How Does Heroin Work?
Heroin is either injected, snorted, or smoked. It travels rapidly through the bloodstream to the brain, where it acts on opiate receptors (proteins that are activated specifically by opiate drugs). These receptors are located throughout the brain and brainstem, but tend to be concentrated in areas responsible for pain sensation, reward, and basic central nervous system functions such as breathing and blood pressure. These actions make it not only highly rewarding, but highly lethal as well, as it can cause breathing to completely stop.
How Does it Cause Addiction?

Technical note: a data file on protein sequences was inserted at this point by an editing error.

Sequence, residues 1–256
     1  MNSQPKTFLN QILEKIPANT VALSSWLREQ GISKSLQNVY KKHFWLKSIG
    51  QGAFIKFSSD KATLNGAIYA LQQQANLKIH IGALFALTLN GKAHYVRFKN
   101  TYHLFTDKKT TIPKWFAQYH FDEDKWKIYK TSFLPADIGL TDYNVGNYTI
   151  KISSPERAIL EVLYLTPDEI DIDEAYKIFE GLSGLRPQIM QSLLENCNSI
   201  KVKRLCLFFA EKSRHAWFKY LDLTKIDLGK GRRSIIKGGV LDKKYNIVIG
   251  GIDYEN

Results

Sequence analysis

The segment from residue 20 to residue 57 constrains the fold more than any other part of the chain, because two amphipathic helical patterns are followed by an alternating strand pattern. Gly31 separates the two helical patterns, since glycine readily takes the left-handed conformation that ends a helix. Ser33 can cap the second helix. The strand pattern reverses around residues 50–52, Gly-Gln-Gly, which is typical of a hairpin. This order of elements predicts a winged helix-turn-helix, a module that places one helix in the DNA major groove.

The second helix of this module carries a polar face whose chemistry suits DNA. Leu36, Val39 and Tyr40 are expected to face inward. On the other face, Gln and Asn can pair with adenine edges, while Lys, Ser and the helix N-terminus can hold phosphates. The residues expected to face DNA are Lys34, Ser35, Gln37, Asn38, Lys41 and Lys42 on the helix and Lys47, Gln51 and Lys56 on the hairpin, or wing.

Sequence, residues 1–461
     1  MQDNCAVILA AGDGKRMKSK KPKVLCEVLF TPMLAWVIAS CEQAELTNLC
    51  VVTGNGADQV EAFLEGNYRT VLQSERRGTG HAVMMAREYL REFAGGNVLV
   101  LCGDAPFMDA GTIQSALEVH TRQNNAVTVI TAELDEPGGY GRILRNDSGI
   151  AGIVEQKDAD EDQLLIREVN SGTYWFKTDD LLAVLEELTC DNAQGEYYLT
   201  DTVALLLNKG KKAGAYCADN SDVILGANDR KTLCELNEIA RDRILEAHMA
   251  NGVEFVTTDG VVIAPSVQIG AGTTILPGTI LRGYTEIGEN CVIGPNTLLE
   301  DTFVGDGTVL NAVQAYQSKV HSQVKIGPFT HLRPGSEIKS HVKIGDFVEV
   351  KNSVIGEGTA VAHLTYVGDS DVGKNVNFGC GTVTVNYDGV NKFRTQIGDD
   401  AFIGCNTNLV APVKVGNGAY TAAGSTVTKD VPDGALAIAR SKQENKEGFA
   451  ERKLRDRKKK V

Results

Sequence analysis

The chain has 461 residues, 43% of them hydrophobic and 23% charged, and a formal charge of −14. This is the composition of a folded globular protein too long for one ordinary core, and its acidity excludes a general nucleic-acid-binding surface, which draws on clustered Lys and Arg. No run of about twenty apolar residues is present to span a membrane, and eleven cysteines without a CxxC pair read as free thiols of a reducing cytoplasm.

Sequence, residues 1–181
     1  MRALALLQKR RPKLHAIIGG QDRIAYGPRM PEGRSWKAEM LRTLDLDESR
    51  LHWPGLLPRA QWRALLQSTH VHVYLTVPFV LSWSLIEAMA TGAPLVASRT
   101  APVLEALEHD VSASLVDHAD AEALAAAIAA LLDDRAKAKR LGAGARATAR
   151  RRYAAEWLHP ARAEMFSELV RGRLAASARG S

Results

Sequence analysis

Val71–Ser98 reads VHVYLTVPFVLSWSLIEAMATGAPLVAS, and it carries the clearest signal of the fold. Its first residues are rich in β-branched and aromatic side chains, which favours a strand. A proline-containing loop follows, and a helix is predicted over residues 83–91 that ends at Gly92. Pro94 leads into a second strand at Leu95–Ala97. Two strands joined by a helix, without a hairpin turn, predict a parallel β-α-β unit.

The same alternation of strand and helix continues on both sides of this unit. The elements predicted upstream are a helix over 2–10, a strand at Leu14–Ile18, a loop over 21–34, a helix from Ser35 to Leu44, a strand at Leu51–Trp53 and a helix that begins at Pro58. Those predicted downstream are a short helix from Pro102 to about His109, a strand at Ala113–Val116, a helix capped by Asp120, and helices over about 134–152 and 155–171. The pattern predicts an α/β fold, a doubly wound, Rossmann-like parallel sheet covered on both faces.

Regular heroin use also causes tolerance and dependence, which result in physical addiction. Tolerance is defined by the National Institute on Drug Abuse (NIDA) as when “more of the drug is needed to achieve the same intensity of effect.” Dependence is defined as “the need to continue use of the drug to avoid withdrawal symptoms.” These states essentially mean that the more heroin someone uses, and the more frequently they use, the more of the drug that they need to simply feel “OK”. The body (and brain) get used to receiving the heroin on a regular basis; therefore, the “normal functioning” levels of many brain areas become dependent on it. When use stops suddenly, the body and brain can’t adjust immediately, which brings on the severe withdrawal symptoms that are well-known by heroin addicts. Many long-term heroin users report that they don’t even get high anymore, but they have to keep using to ward off sickness and other painful withdrawal symptoms. NIDA also cites research showing that prolonged heroin use kills off the white matter in the brain, “which may affect decision-making abilities, the ability to regulate behavior, and responses to stressful situations.”